# Vector potential

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In vector calculus, a vector potential is a vector field whose curl is a given vector field. This is analogous to a scalar potential, which is a scalar field whose gradient is a given vector field.

Formally, given a vector field v, a vector potential is a vector field A such that

${\mathbf {v} }=\nabla \times {\mathbf {A} }.$ If a vector field v admits a vector potential A, then from the equality

$\nabla \cdot (\nabla \times {\mathbf {A} })=0$ (divergence of the curl is zero) one obtains

$\nabla \cdot {\mathbf {v} }=\nabla \cdot (\nabla \times {\mathbf {A} })=0,$ which implies that v must be a solenoidal vector field.

## Theorem

Let

${\mathbf {v} }:{\mathbb {R} }^{3}\to {\mathbb {R} }^{3}$ be a solenoidal vector field which is twice continuously differentiable. Assume that v(x) decreases sufficiently fast as ||x||→∞. Define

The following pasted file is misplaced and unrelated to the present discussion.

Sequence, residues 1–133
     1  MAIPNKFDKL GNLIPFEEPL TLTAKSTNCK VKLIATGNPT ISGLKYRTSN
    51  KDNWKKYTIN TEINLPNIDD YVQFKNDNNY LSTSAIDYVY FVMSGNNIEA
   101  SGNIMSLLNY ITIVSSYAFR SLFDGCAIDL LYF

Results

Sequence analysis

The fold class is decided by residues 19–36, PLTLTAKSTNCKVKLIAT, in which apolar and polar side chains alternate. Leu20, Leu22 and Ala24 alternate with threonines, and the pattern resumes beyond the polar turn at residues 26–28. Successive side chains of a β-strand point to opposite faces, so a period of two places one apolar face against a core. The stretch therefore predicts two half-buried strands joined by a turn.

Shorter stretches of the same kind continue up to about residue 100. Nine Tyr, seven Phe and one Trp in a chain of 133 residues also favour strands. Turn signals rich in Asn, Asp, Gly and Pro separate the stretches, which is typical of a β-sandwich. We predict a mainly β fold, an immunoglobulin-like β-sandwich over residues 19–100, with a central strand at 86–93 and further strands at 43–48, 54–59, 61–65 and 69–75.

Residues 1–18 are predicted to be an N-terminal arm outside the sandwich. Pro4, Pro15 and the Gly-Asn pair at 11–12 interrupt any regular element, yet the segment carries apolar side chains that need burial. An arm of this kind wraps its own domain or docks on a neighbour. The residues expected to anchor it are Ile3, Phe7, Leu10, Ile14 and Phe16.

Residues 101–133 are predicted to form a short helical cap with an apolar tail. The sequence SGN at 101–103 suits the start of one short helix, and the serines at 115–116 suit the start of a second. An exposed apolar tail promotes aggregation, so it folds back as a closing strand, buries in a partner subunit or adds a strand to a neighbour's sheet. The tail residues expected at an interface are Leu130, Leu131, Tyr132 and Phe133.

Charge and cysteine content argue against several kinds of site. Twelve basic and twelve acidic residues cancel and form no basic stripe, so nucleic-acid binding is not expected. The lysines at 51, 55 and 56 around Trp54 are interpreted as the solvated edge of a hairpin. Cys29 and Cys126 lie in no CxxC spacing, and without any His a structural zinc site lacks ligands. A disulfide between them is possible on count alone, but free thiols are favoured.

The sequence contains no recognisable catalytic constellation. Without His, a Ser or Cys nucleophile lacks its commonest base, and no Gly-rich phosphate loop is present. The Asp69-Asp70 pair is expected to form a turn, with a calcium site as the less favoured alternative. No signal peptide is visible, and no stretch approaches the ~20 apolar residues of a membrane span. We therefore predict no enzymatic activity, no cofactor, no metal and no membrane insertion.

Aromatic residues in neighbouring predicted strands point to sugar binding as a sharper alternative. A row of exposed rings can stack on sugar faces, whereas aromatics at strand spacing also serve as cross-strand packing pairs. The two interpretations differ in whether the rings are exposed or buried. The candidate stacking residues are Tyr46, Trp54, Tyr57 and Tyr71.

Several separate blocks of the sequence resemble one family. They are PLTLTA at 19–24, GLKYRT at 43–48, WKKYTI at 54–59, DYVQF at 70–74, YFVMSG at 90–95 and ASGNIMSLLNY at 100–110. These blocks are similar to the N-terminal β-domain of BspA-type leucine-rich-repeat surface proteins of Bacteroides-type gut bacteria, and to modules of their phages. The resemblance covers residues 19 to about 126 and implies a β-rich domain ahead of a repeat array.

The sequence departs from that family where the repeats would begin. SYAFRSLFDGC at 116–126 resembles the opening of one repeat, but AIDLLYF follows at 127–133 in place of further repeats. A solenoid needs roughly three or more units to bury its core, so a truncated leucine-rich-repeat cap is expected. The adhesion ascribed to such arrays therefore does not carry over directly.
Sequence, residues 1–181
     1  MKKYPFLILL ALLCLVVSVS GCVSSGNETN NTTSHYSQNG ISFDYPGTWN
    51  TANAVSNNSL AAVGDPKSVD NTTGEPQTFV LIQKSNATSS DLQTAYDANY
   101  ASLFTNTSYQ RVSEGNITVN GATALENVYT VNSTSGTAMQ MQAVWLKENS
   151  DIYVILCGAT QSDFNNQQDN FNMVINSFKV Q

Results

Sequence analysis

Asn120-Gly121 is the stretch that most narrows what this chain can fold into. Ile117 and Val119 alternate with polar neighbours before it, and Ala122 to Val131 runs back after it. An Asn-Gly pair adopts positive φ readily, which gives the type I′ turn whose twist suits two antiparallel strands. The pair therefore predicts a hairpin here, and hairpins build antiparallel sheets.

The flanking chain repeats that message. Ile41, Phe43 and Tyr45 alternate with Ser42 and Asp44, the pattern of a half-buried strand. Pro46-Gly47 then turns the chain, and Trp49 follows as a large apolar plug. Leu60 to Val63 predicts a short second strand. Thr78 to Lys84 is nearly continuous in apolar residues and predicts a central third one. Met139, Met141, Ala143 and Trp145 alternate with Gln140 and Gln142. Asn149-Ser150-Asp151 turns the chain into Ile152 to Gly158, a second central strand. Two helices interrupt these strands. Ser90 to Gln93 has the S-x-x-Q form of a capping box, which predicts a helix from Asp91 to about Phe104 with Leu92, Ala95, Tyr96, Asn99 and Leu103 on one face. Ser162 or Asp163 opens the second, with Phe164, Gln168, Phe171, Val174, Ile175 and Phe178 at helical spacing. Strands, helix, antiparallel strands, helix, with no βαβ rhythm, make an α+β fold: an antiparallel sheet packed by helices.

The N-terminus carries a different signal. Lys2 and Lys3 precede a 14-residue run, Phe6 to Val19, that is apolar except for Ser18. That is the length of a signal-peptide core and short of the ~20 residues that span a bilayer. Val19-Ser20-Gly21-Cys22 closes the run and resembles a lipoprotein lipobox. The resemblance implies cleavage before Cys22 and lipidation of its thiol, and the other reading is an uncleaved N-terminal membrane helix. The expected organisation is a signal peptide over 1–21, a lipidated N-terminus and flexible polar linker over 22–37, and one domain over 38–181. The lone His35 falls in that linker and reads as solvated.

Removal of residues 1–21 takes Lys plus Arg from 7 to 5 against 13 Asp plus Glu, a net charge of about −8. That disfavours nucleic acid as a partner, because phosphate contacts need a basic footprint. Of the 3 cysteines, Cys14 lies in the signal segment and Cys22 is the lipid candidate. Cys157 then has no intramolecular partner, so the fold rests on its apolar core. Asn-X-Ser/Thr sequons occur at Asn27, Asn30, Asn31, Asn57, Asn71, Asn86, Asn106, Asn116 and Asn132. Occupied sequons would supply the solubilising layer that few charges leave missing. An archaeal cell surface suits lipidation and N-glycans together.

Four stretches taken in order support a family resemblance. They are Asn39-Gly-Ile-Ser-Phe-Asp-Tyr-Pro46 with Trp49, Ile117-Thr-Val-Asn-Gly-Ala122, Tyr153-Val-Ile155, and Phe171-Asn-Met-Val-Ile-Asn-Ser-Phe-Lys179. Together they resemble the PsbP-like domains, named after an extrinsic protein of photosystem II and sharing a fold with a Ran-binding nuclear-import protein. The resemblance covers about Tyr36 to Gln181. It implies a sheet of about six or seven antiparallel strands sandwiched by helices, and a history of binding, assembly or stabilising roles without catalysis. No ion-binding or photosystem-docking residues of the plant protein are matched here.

$\mathbf {A} (\mathbf {x} )={\frac {1}{4\pi }}\nabla \times \int _{\mathbb {R} ^{3}}{\frac {\mathbf {v} (\mathbf {y} )}{\left\|\mathbf {x} -\mathbf {y} \right\|}}\,d^{3}\mathbf {y} .$ Then, A is a vector potential for v, that is,

$\nabla \times {\mathbf {A} }={\mathbf {v} }.$ A generalization of this theorem is the Helmholtz decomposition which states that any vector field can be decomposed as a sum of a solenoidal vector field and an irrotational vector field.

## Nonuniqueness

The vector potential admitted by a solenoidal field is not unique. If A is a vector potential for v, then so is

${\mathbf {A} }+\nabla m$ where m is any continuously differentiable scalar function. This follows from the fact that the curl of the gradient is zero.

This nonuniqueness leads to a degree of freedom in the formulation of electrodynamics, or gauge freedom, and requires choosing a gauge.